An important modelling approach, aimed to simulate water and solute transport through the soil vadose zone is the model HYDRUS-1D (Simunek et al., 2005). The model consists of the HYDRUS computer program, and the HYDRUS 1D interactive graphics-based user interface. According to Simunek et al. (2005), the HYDRUS program numerically solves the Richards equation for saturated-unsaturated water flow and convection-dispersion type equations for heat and solute transport. The water flow equation incorporates a sink term to account for water uptake by plant roots, as well as in SWAP (see equation 1). The heat transport equation considers movement by conduction as well as convection with flowing water. Salinity is also considered through the Maas and Hoffman (1977) function and the simulation of crop water uptake follows a similar approach than the SWAP model.
The HYDRUS-1D code may be used to analyze water and solute movement in unsaturated, partially saturated, or fully saturated porous media. The flow region itself may be composed of non-uniform soils (Simunek et al., 2005). Flow and transport can occur in the vertical, horizontal, or in a generally inclined direction. The water flow part of the model considers prescribed head and flux boundaries, as well as boundaries controlled by atmospheric conditions, free drainage, or flow to horizontal drains (Simunek et al., 2005).
The source code was developed and tested on a Pentium 4 PC using the Microsoft's Fortran PowerStation compiler. Several extensions of the MS Fortran beyond the ANSI standard were used to enable communication with graphic based user-friendly interface (Simunek et al., 2005). HYDRUS1D comprises an interactive graphics-based user-friendly interface for the MS Windows environment. The HYDRUS1D interface is directly connected to the HYDRUS computational programs. Besides, the HYDRUS program come with several utility programs that make easier the data input process.
HYDRUS1D can be considered as a one-dimensional version of the HYDRUS-2D code. This updated modelling release is aimed to simulate water, heat and solute movement in two-dimensional variably saturated media (Simunek et al., 1998), while incorporating various features of earlier related codes such as SUMATRA (van Genuchten, 1978), WORM (Van Genuchten, 1987), HYDRUS 3.0 (Kool and van Genuchten, 1991), SWMI_ST (Simunek, 1992), and HYDRUS 5.0 (Vogel et al., 1996). Indeed, to be able to simulate soil water-movement and crop water-uptake in two dimensions open new possibilities that perhaps make HYDRUS2D the most important currently available model in this concern (Van Genuchten and Simunek, 2005).
Many models comparisons have pointed out that despite mechanistic model yield more accurate and sounder simulations; they require many input parameters that are not always easy to measure or to estimate (Leenhardt et al., 1995; Connolly, 1998; Bastiaansen et al., 2004). Sensitivity analysis of SWAP outputs showed that the simulated water balance are most sensitive to the crop coefficients used for calculating potential transpiration and to the soil hydraulic properties (Van Dam, 2000). This agrees with other analysis made with similar agrohydrological modelling approaches, based on Richards' equation (Clemente et al., 1994; Leenhardt et al., 1995). Unfortunately, the soil hydraulic properties use to show high spatial variability (Warrick and Nielsen, 1980; Van Genuchten, 1994; Leenhardt et al., 1995). Therefore, the SWAP dependence on these properties can be seen as one of the highest constraints when using such modelling approach (Van Genuchten, 1994; Leenhardt et al., 1995; Van Dam, 2000).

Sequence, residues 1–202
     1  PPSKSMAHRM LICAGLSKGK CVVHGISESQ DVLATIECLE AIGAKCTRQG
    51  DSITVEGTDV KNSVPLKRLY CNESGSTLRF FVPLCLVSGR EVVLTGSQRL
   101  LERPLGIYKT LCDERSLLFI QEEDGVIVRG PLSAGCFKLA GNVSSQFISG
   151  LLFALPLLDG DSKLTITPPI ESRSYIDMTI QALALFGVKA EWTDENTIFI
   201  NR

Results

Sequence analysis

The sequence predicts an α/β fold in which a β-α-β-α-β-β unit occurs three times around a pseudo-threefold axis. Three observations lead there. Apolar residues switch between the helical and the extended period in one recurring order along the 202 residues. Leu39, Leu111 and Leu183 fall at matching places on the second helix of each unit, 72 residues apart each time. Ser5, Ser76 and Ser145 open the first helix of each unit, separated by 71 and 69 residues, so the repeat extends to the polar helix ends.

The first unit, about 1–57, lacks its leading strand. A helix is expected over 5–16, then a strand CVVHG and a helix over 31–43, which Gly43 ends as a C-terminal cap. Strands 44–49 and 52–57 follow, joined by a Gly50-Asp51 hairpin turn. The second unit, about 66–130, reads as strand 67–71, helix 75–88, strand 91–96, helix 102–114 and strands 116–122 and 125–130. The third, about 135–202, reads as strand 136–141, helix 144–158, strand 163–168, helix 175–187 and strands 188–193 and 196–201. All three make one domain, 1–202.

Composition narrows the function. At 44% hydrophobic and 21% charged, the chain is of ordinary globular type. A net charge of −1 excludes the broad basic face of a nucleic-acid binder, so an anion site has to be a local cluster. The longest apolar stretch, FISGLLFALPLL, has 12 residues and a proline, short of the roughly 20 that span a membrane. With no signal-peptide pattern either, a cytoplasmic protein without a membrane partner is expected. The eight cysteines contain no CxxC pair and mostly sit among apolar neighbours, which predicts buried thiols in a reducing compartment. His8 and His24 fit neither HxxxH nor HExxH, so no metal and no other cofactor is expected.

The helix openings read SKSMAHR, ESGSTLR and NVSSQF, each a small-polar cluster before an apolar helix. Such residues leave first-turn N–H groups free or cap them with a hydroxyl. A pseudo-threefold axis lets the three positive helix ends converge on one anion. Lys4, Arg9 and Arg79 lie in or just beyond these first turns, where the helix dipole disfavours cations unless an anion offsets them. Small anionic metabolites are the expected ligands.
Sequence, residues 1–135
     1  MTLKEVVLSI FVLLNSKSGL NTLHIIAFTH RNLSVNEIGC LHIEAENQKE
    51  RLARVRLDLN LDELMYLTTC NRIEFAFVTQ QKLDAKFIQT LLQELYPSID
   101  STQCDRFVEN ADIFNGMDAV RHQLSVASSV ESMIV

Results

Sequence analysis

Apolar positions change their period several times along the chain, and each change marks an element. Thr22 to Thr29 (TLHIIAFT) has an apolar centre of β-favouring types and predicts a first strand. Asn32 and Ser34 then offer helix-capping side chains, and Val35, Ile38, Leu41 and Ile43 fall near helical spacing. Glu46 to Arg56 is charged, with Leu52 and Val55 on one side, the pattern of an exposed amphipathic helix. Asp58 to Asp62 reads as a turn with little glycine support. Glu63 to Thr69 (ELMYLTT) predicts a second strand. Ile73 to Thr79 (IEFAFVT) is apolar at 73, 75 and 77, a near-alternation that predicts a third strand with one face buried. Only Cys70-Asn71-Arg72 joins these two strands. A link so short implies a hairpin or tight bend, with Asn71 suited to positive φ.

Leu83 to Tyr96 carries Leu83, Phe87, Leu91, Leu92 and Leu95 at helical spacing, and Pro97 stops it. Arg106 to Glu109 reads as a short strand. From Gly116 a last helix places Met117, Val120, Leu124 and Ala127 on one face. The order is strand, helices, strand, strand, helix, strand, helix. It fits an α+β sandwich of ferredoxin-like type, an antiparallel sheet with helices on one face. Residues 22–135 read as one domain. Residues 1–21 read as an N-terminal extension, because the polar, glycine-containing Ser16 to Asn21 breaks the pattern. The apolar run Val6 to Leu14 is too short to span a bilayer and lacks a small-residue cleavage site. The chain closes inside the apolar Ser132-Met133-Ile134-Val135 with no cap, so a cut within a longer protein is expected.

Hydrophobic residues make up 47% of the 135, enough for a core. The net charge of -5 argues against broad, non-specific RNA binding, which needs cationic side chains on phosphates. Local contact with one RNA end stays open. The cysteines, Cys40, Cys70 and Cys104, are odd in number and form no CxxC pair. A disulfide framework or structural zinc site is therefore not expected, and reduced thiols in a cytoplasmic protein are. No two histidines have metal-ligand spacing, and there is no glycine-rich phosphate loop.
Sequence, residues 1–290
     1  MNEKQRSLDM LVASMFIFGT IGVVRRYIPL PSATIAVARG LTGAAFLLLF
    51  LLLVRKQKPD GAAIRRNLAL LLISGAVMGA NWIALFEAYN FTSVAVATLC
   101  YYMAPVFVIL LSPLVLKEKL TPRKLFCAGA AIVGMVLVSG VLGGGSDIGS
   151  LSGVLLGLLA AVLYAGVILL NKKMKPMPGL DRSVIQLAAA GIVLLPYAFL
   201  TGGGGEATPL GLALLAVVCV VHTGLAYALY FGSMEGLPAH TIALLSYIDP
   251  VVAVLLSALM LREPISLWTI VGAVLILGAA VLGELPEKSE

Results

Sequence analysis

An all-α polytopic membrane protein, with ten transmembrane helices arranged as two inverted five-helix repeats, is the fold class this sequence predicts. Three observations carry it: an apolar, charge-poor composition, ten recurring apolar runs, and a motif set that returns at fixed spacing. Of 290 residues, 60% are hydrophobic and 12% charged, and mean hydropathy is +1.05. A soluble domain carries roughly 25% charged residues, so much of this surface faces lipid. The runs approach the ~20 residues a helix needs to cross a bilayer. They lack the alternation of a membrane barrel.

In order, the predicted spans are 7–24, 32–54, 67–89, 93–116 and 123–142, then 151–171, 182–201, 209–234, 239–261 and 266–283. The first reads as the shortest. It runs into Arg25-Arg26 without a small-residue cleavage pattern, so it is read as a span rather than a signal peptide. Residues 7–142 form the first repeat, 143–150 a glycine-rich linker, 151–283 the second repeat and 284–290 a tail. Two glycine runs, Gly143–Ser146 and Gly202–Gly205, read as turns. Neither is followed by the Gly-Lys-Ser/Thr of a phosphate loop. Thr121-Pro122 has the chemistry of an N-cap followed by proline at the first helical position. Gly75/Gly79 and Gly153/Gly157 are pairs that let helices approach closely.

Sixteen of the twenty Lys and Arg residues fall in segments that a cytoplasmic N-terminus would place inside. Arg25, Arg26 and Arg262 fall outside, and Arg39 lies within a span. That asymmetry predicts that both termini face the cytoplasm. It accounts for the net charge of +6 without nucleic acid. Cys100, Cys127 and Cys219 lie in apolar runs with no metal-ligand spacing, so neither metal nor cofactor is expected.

3.2.6 Simple Crop Water-Use Simulation Models. CROPWAT
Very often availability of model input data (especially soil input data) is a serious limitation for applications of complex crop water balance models as to be used for irrigation scheduling. This is especially a problem in poor agricultural regions, where input data generation might be a serious cost factor. The limitation on input data quality can lead to the situation that simple models or methods may perform better than the complex models. That is why for all SIRDEM experimental sites the performance of a simple approach will be tested as an alternative option. The test will result in defining limitations and potentials of both simple and complex approaches.
CROPWAT is a free-distributed code from the Food and Agriculture Organization (FAO) and can be downloaded from the FAO web
(http://www.fao.org/landandwater/aglw/cropwat.stm). It is meant as a practical tool to help agro-meteorologists, agronomists and irrigation engineers to carry out standard calculations for evapotranspiration and crop water use studies, and more specifically the design and management of irrigation schemes. CROPWAT allows the development of recommendations for improved irrigation practices, the planning of irrigation schedules under varying water supply conditions, and the assessment of production under rainfed conditions or deficit irrigation. It simulates crop water-requirements on a monthly, 10-days period or daily basis with a simplified soil water balance (cascade approach). Actually, the cascade approach can yield same results than the physically-based approach, based on numerical solutions of Richards's equation, as shown by Eitzinger et al. (2004).
Was this article helpful?